Earlier this year, Sweden complained about finding American lobsters in nearby waters and called for a ban on imports of the crustacean. Last week, the EU took a major step forward in the process for pursuing such a ban when a scientific review body said that Sweden’s complaint has merit. That means that a further review will now be conducted on whether the American lobster is a threat to native European lobsters and whether banning its import is a solution. If the wider review says yes to those questions, then the EU may very well halt all imports of American lobster. The U.S. and Canada exports $200 million worth of lobster to EU countries each year, so a ban could be devastating to the lobster industry.
Unfortunately, the EU does have a history of banning or otherwise restricting U.S. food products for various reasons. There have been serious trade disputes over much more common food items, most notably beef and genetically modified organisms (GMOs). The EU, by banning the import of meat from cows treated with growth hormones, has effectively banned U.S. beef imports since 1981. The history of this dispute is shockingly long, covering multiple arbitrations, consultations, and appeals, as well as a ruling from the World Trade Organization (WTO). As it currently stands, U.S. beef is still banned for import, and the U.S. still imposes retaliatory tariffs on some EU food products. Complicating the matter, the U.S. had banned beef from the EU for fifteen years because of mad cow disease, but that was lifted in January 2015. The GMO story is possibly even more convoluted, and it has also been the source of a trade dispute between the EU and U.S. for years. Now only specifically approved GMO crops are allowed, but millions of tons of those crops are imported, largely for animal feed. A number of countries have banned GMOs from being grown, and all food in the EU containing more than a certain percentage of GMO ingredients must be labeled as such.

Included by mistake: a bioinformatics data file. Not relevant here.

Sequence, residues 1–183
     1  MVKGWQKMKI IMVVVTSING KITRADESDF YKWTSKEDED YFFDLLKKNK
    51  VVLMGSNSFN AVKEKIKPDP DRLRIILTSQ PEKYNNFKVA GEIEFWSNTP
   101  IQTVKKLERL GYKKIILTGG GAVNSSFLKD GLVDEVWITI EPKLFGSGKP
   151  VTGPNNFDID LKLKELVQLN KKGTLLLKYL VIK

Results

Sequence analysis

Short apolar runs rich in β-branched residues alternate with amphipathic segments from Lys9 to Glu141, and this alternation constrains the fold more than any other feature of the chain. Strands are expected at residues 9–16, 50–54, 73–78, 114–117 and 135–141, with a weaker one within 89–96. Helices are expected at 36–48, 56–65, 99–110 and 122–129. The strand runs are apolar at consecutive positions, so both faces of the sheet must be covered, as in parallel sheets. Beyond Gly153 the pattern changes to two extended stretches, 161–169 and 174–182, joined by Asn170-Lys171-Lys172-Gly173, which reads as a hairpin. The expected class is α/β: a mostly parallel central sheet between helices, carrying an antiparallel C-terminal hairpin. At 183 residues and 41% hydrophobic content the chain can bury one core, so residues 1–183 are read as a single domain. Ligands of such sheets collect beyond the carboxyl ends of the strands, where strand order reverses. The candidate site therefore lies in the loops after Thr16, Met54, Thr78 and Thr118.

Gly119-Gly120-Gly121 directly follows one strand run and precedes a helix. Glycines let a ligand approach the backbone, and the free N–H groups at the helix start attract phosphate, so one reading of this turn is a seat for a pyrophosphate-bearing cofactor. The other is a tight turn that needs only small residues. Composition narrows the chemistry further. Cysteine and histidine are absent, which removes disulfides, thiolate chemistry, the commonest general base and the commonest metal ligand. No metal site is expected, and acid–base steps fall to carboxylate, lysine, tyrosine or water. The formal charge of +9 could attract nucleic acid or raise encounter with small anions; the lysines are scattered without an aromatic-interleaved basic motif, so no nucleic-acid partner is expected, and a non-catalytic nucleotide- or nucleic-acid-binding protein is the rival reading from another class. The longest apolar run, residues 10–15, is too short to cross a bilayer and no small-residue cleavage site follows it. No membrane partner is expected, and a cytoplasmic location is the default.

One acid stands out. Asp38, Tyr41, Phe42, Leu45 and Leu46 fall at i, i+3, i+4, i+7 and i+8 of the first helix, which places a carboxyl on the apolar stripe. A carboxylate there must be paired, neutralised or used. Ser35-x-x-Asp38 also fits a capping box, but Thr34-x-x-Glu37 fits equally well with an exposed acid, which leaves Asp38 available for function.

It is important to note that the lobster case is different in a number of ways. The first, of course, is that the lobster market, while large, is far smaller than the beef and GMO market. The second is that the justification for potentially banning lobsters is completely different from those two cases. Whereas the bans on growth hormone beef and GMOs were over perceived health risks, the ban on lobster is proposed because of its potential as an invasive species (which a UMaine scientist, for one, disagrees with). As far as I know, this would mark the first time a food product would be banned for import in the EU for that reason.
However, when it comes to environmental policy in particular, the EU is known to err on the side of banning things. They take a fundamentally different approach to policy, one based on the “precautionary principle,” which essentially means they assume something is bad and must be proven to be good. So if there is any doubt whether or not American lobsters could pose a threat to European lobsters, the government is going to lean towards banning them by default. While the EU technically takes this approach to all regulation, in reality they aren’t much more precautionary than the U.S. on average, only on certain things. But when it comes to food—and particularly the environment—they have no problem banning something.
Of course, the U.S. won’t let American lobster get banned without a fight. Maine’s congressional delegation condemned the recent decision, and earlier they sent a letter to the EU along with other members of Congress from New England protesting Sweden’s complaint. If the EU follows through with a ban, the lawmakers will almost certainly push for the case to go to the WTO.
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